On this screenshot as an example, you can see a standard TButton, TListBox and TToolbar, all of which are styled with Firemonkey to appear as native iPhone controls. The IDE allows you to rotate this view, as well as select different form types so you can develop for iPhone 5 and iPad.

This appears on the XCode iOS Simulator as:

Project on the XCode iOS Simulator

My demo application has a TClientDataSet which is used to store local settings, and uses DataSnap client components to communicate over the internet to a DataSnap server running in my organisation. All of this technology has been available in Delphi for some time but it is crucial that this is working for enterprise iOS apps, and it is working great.

Unlike Delphi XE2 which used the Free Pascal compiler to generate the iOS code, XE4 handles everything natively. You still, of course, need an intel-based Mac running Lion or Mountain Lion, and like with Mac OS development, Embarcadero provide the Platform Assistant (PAServer) which runs on the Mac. Your Delphi project will communicate with the PAServer on the Mac (as set in Project Options, see screenshot below), which in turn communicates with XCode via the command line to deploy your project in the iOS Simulator or onto your iOS Device.

If you have been using any recent version of Delphi or RAD Studio then the IDE is as familiar as ever, which makes this such a great opportunity for us long-term Delphi users to start writing iOS apps. A great job has been made in getting "styles" together for the iOS controls, so that your TListbox can be styled in a variety of different native and expected ways. The TButton, too, has dozens of style options that comes with recognisable images so that your app can appear as native as you need it to be. Of course, if you want to eschew the standard styling and go your own way, Firemonkey gives you the freedom to do that.

As each pre-release version has been issued, so have more and more demos, and the documentation is improving, so there is plenty of good sample code to show you how to use the camera, the Share features, accelerometer, compass, etc.

There is plenty more to talk about this exciting new version of Delphi, but we are still in the pre-release phase and I'm sure there's more to come.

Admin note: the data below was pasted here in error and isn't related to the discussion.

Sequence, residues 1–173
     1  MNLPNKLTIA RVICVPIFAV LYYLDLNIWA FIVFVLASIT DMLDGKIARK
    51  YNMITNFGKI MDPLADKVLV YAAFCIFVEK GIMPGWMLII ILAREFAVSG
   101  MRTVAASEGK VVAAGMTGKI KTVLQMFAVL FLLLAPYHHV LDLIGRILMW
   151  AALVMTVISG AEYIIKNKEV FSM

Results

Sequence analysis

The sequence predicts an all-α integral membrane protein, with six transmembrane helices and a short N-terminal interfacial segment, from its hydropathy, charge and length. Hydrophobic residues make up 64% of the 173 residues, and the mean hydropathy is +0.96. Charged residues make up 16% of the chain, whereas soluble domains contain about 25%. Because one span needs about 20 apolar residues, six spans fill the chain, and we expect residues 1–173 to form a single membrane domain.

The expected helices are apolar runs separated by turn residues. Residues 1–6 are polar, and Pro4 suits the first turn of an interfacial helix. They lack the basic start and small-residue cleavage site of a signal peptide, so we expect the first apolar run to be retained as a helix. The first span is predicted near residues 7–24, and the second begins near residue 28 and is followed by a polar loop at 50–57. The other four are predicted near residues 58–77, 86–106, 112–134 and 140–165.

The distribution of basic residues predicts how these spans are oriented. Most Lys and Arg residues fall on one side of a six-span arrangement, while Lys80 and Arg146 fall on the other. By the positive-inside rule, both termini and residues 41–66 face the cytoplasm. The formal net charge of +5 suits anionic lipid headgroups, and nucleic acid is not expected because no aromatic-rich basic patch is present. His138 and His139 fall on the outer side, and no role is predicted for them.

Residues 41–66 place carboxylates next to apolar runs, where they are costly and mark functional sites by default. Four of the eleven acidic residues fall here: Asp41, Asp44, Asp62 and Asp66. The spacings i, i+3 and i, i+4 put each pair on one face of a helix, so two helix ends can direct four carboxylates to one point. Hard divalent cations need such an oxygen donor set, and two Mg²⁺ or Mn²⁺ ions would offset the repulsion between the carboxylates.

Wednesday, 27 March 2013

Migration to XE3: Almost there

Two months back, when I was replacing all of data layer components in Delphi 6, in preparation for the move to Delphi XE3, I never imagined that part would actually be the most time consuming. I am writing today having fully completed the software migration over to XE3. (There are still some utilities and bespoke projects to be done but these are small projects that take little time and wouldn't affect the launch of a new version of our standard package).

We have still to entirely functionally test the software for any run-time issues and unexpected behaviour changes, but our entire software codebase is now ported to XE3 and running well. The bottom line is this: it was much easier than I thought it would be.

As I mentioned in my previous post on the migration to ADO, the longest part of this process has been writing out the old components and replacing them with the dbGo ones. Obviously there is a good case here for better data abstraction, but time was limited and we had to get the job done so we did it the manual and long way. Maybe that's something we can work on over the coming years but for now, the job is done and the results are good.

Most of the run-time issues we've seen are actually database-related, so nothing to do with XE3, but more to do with subtle differences in the way ADO and ODBC work, as well as syntactical differences in the components.

As for the XE3 compilation, the bulk of what we encountered was to do with the Unicode breaking changes from Delphi 2009. This was largely covered in several white papers by Marco Cantu, Cary Jensen, Bob Swart, etc when Delphi 2009 was released. My colleague and I read the papers and agreed on the recommended approach that we move to full Unicode support, rather than replace String with AnsiString, PChar with PAnsiChar, etc.

Although our software is almost exclusively UK based (because of its nature), and the fact that the data we have to submit to HMRC (the UK government tax agency) is only allowed to contain ASCII characters, we found that it was easier for us to move forward with the native Delphi types than to try and maintain the older Ansi types.

The only exception to this, where I really had to put my brain into gear, was for some API headers that I had written in Delphi for some older hardware DLLs. The hardware communication stopped working with Unicode types, so I switched those back to Ansi types and everything worked as it did before. Also, we have some units that implement some well known encryption routines (SHA-1, Base64, MD5), and these all needed attention to prevent them from using Unicode.

Here is a summary of the things we came across most often:
  • Implicit string conversion warnings.
    90% of the time this was simply because different variable types were being used. In almost all cases for me personally, it was the use of the ShortString type that raised this warning, and so I made the decision to just do away with ShortString all together and always use String.
  • WideChar reduced to byte char in set expressions. Consider using 'CharInSet' function in 'SysUtils' unit.
    Another compiler warning well reported in the Unicode conversion white papers, this is simply as case of changing the syntax of testing for a Char in a set of Chars.
  • Syntax error using local settings constants.
    Having made much use of constants such as ShortDateFormat, ShortDayNames, etc, these now have to be prefix with the FormatSettings global variable.